Wednesday, June 2, 2010

Going Home

We hadn’t been home very long. Un-emptied suitcases were still laying on the bed. The doors to the red Chevy Berreta still open in the sloped driveway outside. Paula and I were in the kitchen…emptying the ice chest full of goodies that Mom had sent home with us from our 4th of July weekend in Walla Walla. The ringing of the phone jarred me momentarily as Paula handed me cold roast beef and left-over potato salad from the cooler. I looked at Paula to see if she was going to answer and she just continued to work, pulling food from the ice chest. I walked over to the phone hanging on the wall and finally picked it up before it went to voice mail.

The voice on the other end of the line was familiar…a voice I heard about every three or four weeks when I would call. The voice sounded distant, but strong in a controlled way.

“Mark, this is your Mother.”

“Hi Mom. We just got home from Walla Walla. Did you have a nice 4th?” I asked.

There was a short silence on the other end.

“I wanted to call you first since you got angry with me last time when I didn't call when Daddy got really sick. He’s gone. Daddy passed away this morning.”

I just stood there, the cream colored wall phone in my hand. No words. No movement. No…nothing. Paula stopped what she was doing and walked over to me…and looked at me as I just stood there, allowing the words to sink in.

“Mark…did you hear me?” the voice asked.

“Umm…yea, Mom. Are you doing ok? I’ll be up as soon as I can.”

“I’m going to call Debbie and your brothers. Jeff and Lynn are still in Hawaii so I’m not sure when I’ll be able to get a hold of them.”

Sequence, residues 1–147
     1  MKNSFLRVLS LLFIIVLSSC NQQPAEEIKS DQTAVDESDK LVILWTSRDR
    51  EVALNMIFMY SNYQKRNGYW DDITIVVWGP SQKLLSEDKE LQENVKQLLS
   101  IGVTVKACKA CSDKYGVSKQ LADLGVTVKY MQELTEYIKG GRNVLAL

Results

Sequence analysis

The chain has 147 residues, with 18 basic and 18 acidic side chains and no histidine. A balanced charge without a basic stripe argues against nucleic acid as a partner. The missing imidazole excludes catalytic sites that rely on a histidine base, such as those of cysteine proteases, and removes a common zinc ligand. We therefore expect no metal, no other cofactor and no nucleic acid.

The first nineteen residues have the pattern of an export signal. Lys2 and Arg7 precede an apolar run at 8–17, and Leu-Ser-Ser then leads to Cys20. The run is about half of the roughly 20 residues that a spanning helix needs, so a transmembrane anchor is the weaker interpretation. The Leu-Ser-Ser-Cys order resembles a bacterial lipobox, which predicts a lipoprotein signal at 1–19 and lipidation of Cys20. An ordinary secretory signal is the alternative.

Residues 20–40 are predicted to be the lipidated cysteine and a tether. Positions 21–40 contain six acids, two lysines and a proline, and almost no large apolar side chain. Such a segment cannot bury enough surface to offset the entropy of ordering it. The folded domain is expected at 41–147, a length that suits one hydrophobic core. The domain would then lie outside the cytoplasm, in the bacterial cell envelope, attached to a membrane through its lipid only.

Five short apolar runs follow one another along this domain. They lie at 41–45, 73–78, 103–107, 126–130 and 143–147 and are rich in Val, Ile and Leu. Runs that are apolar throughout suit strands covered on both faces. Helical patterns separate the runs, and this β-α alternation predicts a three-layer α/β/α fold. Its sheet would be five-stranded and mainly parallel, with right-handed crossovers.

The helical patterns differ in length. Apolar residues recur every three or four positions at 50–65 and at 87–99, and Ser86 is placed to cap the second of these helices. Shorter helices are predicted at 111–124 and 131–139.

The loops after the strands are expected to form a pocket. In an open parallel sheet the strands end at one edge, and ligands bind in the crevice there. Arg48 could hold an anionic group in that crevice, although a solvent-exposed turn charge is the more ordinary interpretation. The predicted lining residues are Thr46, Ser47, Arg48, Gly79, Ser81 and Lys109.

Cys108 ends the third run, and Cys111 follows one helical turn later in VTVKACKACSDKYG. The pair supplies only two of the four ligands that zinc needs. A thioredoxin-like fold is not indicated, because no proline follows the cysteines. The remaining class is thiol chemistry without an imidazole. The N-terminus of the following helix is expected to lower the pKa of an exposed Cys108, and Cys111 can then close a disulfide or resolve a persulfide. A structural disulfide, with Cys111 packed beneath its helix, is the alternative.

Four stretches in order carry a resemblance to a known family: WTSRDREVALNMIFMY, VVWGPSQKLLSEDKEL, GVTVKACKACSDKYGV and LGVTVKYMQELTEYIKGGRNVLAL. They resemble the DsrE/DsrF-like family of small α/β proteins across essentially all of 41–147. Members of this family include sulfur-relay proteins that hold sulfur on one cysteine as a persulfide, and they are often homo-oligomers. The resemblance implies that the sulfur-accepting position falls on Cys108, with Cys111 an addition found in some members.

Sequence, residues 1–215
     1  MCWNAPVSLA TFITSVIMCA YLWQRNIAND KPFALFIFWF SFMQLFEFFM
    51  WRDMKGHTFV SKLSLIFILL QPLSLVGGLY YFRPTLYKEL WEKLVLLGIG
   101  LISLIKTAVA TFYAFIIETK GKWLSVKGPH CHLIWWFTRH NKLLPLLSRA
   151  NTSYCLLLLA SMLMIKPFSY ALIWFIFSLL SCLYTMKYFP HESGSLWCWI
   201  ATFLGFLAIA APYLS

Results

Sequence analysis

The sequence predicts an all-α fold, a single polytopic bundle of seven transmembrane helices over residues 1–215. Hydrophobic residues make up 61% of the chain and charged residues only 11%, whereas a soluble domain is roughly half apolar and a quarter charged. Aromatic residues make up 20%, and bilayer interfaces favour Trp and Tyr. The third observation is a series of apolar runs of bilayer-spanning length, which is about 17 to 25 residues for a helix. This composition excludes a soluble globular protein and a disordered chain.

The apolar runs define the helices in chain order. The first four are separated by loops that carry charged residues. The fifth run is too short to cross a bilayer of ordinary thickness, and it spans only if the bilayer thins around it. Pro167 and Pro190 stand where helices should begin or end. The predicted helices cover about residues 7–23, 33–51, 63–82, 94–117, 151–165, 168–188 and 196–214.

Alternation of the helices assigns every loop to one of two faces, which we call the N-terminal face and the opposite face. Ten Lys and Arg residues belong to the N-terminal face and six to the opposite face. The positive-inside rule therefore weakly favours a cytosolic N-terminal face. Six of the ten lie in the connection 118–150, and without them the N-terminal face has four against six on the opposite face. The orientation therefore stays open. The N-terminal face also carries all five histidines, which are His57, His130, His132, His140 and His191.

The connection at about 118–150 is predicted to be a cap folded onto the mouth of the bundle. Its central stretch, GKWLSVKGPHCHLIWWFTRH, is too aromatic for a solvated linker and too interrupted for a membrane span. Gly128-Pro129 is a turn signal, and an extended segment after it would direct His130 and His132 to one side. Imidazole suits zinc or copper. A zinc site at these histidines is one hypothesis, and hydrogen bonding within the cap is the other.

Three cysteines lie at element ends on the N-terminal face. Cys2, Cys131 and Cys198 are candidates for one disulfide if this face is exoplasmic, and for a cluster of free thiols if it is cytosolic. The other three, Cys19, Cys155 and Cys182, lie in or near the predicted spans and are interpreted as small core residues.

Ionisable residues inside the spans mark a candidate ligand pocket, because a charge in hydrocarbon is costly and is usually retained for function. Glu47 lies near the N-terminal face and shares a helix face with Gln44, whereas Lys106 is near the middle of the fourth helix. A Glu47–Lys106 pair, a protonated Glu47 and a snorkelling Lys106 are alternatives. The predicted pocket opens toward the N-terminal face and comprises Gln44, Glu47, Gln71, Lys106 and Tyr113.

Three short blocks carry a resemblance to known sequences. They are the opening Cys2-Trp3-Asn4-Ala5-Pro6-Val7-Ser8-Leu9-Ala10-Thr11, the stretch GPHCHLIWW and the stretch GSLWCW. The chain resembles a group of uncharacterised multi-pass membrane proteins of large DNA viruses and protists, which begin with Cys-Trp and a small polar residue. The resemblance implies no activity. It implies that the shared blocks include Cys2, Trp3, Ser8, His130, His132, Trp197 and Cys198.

“Oh…ok. I love you Mom” and with that I hung up the phone.

Paula took my hand and asked what was wrong. All I could say was that it was Mom on the phone and that Dad had died that morning. I didn’t know what else to say. There were no tears. No real emotion. I stood there, looking out the window onto the street below...the heat radiating off the black asphalt baking under the early July sun. My mind was grinding…thinking about the man who was my father, now gone.

Memories of the past few years when he had been sick and in the nursing home flashed to my mind. I hadn’t seen him for nearly a year…our last trip to North Idaho the previous fall while he was still in the nursing home. Even then, he appeared so much weaker and smaller than I remembered him. He was unable to speak…just as Grandpa had been when he was in the nursing home so many years before. Mom had taken him home a few months ago because Dad wanted to be at home…and I think Mom must have known that he didn’t have that much time left.

I felt her arms wrap around me, just holding me. She asked if I was “OK” and I said yes. She kissed my neck and then my lips and pulled me to her. We stood there in the kitchen with her head on my shoulder. I’m sure her mind was thinking how strong I was trying to be. She adored her Mom and Dad and if anything ever happened to them, she would be devastated. That’s just the way it’s supposed to be with kids and their parents. But I wasn’t standing there trying to be strong. I was trying to figure out what I should be feeling...because it seemed no feelings were available.